It’s the coffee mug that does it.
As last straws go, it’s not the most subtle, but it’s also about the least of them. The mug itself is nothing special. It’s white, with a flat base, and blue serif letters in a perfectly inoffensive font that wrap around one side and read: “World’s greatest fiancé.”
Patrick stares at it while his father clears away the breakfast things and his mother talks about … well, something. He can’t really hear her for the rushing in his ears.
It’s weird that the mug has turned up here, really. The last place he saw it was at his place—his and Rachel’s place, really, back when it was his and Rachel’s. In fact, it might have been present that morning, the one where he had finally told her the truth, that he was suffocating and he didn’t know why, that he was terrified and he wasn’t sure of what, and that whenever he looked at his future he knew, with a certainty that he hadn’t felt in years, about anything, that he didn’t want it.
He’d framed it a little less bluntly than that. Tried to, anyway. It’s not you, it’s me. Something in that vein. He knew it was true, too, or he wouldn’t have spent the last decade or so (on and off) hating himself for not feeling like the luckiest guy in the world. Rachel was, well, Rachel. His first kiss, his first girlfriend, his best friend. She was kind and witty and beautiful and clever. He loved her. He just didn’t … wasn’t … couldn’t …
He’d tried to explain it to her, but it had all come out tangled and messy, and anyway, she was far from stupid—she’d known he hadn’t been happy, hadn’t been “himself” for a while now. She had said as much. He wishes he was as confident that he would recognise himself if it ever showed up. He’s tried on more than one occasion to pinpoint the last time he felt like himself, but he just ends up feeling more lost.
It hadn’t seemed right to stay there anymore, so he’d done the Right Thing and come back home. Which brings him to now, sitting at his parents’ kitchen table, staring at a mug he hated from the get, bearing a label he knows he’s never really deserved—least of all now. He’ll have to get another mug. A different label. “World’s worst ex-fiancé.” Or “Biggest idiot in Ontario.” Or “Patrick Brewer: holiday downer.”
That last one feels especially apt. In a few days the family will gather around ridiculous amounts of food prepared by people who promised not to bring anything, cousins and aunts and uncles and grandparents and neighbours and friends. His chest feels heavy, already exhausted just at the thought of all the explanations he’s going to have to give, all the different instances of the same conversation he’s going to have to navigate with a self-effacing smile while people offer their unasked-for advice, their consolations, their opinions. Yes, I broke it off. Ha ha, yes, again. No, for real this time. Yes, I’ve said that before, but this time I have the panic attack to back it up.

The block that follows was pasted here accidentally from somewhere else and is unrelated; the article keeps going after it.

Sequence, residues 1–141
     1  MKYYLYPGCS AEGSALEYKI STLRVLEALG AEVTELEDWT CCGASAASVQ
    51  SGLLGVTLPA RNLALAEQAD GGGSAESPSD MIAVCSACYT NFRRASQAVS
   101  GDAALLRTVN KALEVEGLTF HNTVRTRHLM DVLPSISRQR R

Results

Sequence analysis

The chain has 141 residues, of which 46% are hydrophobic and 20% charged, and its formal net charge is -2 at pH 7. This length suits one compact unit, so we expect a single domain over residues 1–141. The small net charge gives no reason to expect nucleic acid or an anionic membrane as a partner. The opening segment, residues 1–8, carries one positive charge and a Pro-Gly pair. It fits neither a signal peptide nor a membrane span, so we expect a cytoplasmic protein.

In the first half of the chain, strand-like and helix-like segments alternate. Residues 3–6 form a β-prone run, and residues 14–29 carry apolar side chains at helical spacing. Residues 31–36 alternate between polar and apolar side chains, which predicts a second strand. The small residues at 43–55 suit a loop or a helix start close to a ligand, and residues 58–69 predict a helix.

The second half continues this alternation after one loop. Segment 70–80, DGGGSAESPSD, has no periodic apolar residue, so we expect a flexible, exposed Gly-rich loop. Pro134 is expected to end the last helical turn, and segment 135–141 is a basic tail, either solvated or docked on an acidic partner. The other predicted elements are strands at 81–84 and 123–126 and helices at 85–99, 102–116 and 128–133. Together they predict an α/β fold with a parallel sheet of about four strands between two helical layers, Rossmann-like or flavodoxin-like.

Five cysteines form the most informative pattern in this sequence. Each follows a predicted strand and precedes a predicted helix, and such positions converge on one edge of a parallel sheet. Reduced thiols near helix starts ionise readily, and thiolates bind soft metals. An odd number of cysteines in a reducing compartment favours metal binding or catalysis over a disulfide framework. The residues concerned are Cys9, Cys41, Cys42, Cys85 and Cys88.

With this prospect stretching before him, Patrick buries his face in his hands and groans softly. As he drags his head back up, he catches his parents looking at him, their familiar, loving faces expressing tentative concern. He hitches up one side of his mouth in what he thinks might be a vain attempt to reassure them. He hadn’t been able to find any more answers for them than he had for Rachel, after all.
He shakes himself and stands, bringing the offending coffee mug to the sink. He can sense them behind him, conducting a wordless conversation in that way they do, that shorthand they’ve perfected over years of knowing each other as well as anyone can know anyone else.
That, he thinks. I want that.
It’s never been clearer that what he had with Rachel … wasn’t that.
“Think I’ll go for a run.”
Both parents turn their surprise on him.
“Again?” His mom is smiling, but the worry is still there. He hates that it’s there. “Didn’t you go running this morning?”
“I won’t go far,” he says, dodging the question. “Just around the block.”
His dad squeezes his shoulder briefly. “Don’t forget you’re helping with dinner.”
Patrick manages a proper grin at that. “Chicken ala Clint, I remember. I’ll bring my spatula game.”
He ducks upstairs for a quick change, grabbing his jogging clothes from the floor near the hamper (because it had only been this morning). Minutes later, he’s in the hallway looking for his Jays hat when he hears his mom’s voice drifting out from the kitchen.
“… might be best just to cancel.”
Patrick turns his cap over in his hands, exhaling slowly.
“We could ask Jude and Sonny to host instead. Minimal fuss, but it gets him an out if he wants it.”
He shouldn’t be surprised that they’ve been thinking along the same lines. Part of him wants to go in there and just hug them. Instead, he crams his cap on backwards and heads out, but not before he hears one more thing.
“If that’s what he wants …”
The air is cold and the ground hard. It’s not exactly pleasant conditions for running, but physical exertion seems to distract him long enough to prevent his thoughts from getting tangled up in his head. And so he runs. Past houses and gardens he knows almost as well as his own, barely concentrating on his route, propelled more by muscle memory than intention. He keeps running until the streets are no longer familiar, and only then, lungs and legs burning, does he stop to breathe.